A Progressive Mandate from the Voters? Think Again

NEAL R. PEIRCE

November 10, 1992|By NEAL R. PEIRCE

Anyone so foolish to have read the election returns as a harbinger of progressive politics in America ought to take a second look.

To be sure, Bill Clinton's victory -- the second for a Democrat president in 24 years -- will herald a dramatic change from the anti-governmentalism of the Reagan-Bush era. With the ''bully pulpit'' at his command plus a few good economic policies, Mr. Clinton might restore some faith that government can be a positive instrument of the people's will.

But check out results of 232 measures on ballots across 42 states and the public speaks with a quite different voice: We don't like politicians; we can't wait to limit their terms. Don't tax us. Don't spend our money.

Election Day did bring a handful of ''progressive'' voter decisions. After years of national embarrassment, loss of convention business and cancellation of the 1993 Super Bowl in Phoenix, Arizonans finally agreed to make Martin Luther King's birthday a state holiday. Oregonians voted down an extremist measure to define homosexual behavior as ''abnormal, wrong, unnatural and perverse'' and to stop state and local governments from protecting gay rights.

And in Arizona and Maryland, voters made it clear they wanted abortion to be a personal, not a state, decision.

But when the subject switched to government itself, the voters turned surly. All 14 initiative measures to limit congressional and state legislative terms were approved -- and not just narrowly, but by a phenomenal average of 67 percent, 20 million popular votes in all.

''We have a mammoth mandate,'' said Pennsylvania's former Rep. James Coyne, founder of Americans to Limit Congressional Terms. With ''watershed'' results like these, said Cleta Mitchell of the U.S. Terms Limit Council, Congress should move within 100 days to send a term-limiting constitutional amendment to the states.

It's easy to be cynical about the term-limit hoopla. Of the 116 congressional incumbents running in the 14 states voting term limits, the voters returned all but six to Washington. And this in the year of supposed anti-incumbent rage!

But the anti-government tone of the term-limit votes splashed over into dollars-and-cents issues. Voters were so anxious to weigh in against taxes, they were even willing, in a couple of cases, to tie their state legislatures' hands.

Arizonans voted to require a hard-to-get two-thirds legislative majority to increase taxes. And Colorado voters gave 54 percent approval to what may be the nation's most draconian tax-and-spending limit. The so-called Taxpayer's Bill of Rights requires that virtually any increases in taxes, in spending, or in public debt, go to a full vote of the people. Only increases to reflect inflation or population growth are exempted.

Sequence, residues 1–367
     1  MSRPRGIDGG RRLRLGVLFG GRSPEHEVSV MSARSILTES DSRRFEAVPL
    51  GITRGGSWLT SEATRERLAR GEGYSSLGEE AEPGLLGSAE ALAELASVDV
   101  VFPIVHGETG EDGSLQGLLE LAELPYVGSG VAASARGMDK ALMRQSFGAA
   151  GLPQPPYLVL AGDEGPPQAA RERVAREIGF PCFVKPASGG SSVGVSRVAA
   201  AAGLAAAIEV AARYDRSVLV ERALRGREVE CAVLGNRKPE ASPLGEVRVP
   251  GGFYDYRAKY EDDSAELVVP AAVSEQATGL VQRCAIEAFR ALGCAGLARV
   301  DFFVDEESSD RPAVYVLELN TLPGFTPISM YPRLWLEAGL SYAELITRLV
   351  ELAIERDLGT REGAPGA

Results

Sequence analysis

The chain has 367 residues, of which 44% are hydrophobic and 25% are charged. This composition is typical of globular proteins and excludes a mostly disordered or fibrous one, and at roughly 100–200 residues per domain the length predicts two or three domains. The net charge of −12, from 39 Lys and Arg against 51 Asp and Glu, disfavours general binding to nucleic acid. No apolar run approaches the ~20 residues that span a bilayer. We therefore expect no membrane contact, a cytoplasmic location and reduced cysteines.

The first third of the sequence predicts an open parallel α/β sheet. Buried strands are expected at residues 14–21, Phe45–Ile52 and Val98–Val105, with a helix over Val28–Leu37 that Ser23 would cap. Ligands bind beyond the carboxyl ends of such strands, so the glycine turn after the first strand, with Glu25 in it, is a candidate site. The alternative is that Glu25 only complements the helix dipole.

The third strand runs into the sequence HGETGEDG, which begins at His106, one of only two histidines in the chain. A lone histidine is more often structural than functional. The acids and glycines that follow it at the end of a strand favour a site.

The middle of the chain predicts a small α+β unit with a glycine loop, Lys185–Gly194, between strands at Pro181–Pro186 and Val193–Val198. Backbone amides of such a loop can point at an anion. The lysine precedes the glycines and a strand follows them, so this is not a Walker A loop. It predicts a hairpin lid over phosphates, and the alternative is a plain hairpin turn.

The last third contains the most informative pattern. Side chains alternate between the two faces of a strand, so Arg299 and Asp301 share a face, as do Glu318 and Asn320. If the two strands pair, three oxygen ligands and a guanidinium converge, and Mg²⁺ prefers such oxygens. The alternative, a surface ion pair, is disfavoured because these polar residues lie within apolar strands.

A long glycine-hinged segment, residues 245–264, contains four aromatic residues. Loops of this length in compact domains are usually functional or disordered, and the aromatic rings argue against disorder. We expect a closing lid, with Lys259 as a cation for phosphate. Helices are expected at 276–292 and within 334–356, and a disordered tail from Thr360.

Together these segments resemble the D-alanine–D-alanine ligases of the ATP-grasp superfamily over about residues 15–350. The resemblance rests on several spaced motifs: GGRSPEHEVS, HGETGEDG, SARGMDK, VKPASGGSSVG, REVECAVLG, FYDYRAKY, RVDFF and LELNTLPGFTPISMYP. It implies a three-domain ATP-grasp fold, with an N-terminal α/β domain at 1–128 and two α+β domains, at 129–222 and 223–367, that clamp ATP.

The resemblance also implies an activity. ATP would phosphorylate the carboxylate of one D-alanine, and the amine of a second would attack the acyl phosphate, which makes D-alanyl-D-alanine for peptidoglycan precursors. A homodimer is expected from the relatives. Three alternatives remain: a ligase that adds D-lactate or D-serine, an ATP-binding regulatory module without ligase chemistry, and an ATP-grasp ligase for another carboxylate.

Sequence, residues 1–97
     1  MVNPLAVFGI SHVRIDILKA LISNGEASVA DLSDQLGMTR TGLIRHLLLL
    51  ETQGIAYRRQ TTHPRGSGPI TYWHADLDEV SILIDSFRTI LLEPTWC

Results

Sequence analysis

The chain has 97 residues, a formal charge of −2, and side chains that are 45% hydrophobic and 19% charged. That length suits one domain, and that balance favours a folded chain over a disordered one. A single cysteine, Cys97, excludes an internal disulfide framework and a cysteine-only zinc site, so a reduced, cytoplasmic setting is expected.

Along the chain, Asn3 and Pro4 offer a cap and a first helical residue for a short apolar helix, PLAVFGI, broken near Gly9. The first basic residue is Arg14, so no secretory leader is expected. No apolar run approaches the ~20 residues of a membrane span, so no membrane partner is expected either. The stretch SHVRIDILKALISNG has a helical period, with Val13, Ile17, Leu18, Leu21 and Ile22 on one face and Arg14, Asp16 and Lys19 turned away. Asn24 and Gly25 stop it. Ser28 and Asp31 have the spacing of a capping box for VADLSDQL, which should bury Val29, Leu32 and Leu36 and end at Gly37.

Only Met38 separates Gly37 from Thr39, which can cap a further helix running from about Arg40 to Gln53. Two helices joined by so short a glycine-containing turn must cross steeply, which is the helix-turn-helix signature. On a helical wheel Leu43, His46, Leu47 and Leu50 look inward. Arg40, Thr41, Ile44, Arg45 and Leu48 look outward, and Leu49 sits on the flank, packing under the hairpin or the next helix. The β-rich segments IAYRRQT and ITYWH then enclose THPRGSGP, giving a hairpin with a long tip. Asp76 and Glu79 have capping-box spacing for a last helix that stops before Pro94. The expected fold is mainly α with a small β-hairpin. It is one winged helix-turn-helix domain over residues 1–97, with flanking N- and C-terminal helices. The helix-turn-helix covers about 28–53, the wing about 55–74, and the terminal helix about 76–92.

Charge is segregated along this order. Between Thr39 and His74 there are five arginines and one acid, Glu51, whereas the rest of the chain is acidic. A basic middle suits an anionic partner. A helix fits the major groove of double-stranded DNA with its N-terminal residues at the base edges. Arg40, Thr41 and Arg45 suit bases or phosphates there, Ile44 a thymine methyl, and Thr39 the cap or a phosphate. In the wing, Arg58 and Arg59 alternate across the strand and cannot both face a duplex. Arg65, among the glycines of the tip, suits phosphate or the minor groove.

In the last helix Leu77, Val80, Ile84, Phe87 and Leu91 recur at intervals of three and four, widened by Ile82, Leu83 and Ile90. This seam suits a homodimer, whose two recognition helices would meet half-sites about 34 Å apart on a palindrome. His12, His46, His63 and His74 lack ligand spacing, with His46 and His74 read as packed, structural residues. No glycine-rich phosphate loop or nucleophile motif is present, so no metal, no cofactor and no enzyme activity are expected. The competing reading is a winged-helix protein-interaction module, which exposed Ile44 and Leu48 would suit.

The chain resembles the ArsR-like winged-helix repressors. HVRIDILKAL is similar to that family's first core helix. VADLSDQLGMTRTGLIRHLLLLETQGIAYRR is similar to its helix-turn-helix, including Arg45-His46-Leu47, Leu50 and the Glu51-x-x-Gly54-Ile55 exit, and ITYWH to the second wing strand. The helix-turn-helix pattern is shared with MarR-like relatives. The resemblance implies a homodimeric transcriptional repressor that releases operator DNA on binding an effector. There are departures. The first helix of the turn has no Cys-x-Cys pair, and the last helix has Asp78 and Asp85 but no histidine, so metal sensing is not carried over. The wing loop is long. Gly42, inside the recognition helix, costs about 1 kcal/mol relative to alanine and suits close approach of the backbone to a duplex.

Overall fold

Similar measures had been on Colorado's ballot eight times since 1966, and always failed -- until now. Coloradans also gave a decisive ''no'' to Gov. Roy Romer's ''Children First'' initiative to increase the sales tax by a penny to upgrade the quality of Colorado's public schools and the preparedness of its future work force.

In California, a ''tax-the-rich'' initiative to raise $2.1 billion more a year from corporations and wealthy individuals went down to defeat; and voters overwhelmingly repealed the so-called ''snack tax'' on junk food enacted last year to help cover the state's massive deficit.

One's left wondering just where Californians think the money to run government is going to come from. They're not much interested in investing in the future either. A $1 billion rail bond measure, to fight road gridlock in a pollution- and congestion-afflicted state, went down to defeat.

In New York, $800 million in bonds backed by Gov. Mario Cuomo to reinvigorate a lagging state economy and make water and sewer, road, port and waterfront improvements was also rejected.

There were exceptions to the anti-financing mood, but not too many. In most cases on the state level, the very type of investment in America's future which Governor Clinton extolled in his campaign, the kind of infrastructure and education investment Ross Perot also urged, was vetoed by the voters.

A slight progressive tilt could be seen in the 12 gubernatorial elections, as progressive candidates such as Washington's Mike Lowry and North Carolina's Jim Hunt won close contests. But not even its worst fiscal crisis of the century was enough to convince knee-jerk anti-tax New Hampshire to vote for a pro-tax, government-reform candidate.

The economic reality, as state fiscal expert Steven Gold warns, is that state budgets have already been slashed so deeply that we can expect a slew of tax increases in 1993.

The short-term outlook is for even more discord, shortage, cutbacks and recriminations in the states. And the situation may not change until there's a sea change in Americans' feelings about the economy, about government, about investing in their own future.

What all this means is that President-elect Clinton won't be able to stop at an economic recovery program -- which will be tough enough. He'll have to mount a public education job, rebuilding Americans' faith in their governments, that is likely to make the challenge of winning the presidency look almost elementary.

Neal R. Peirce writes a column on state and urban affairs.

Baltimore Sun Articles
|
|
|
Please note the green-lined linked article text has been applied commercially without any involvement from our newsroom editors, reporters or any other editorial staff.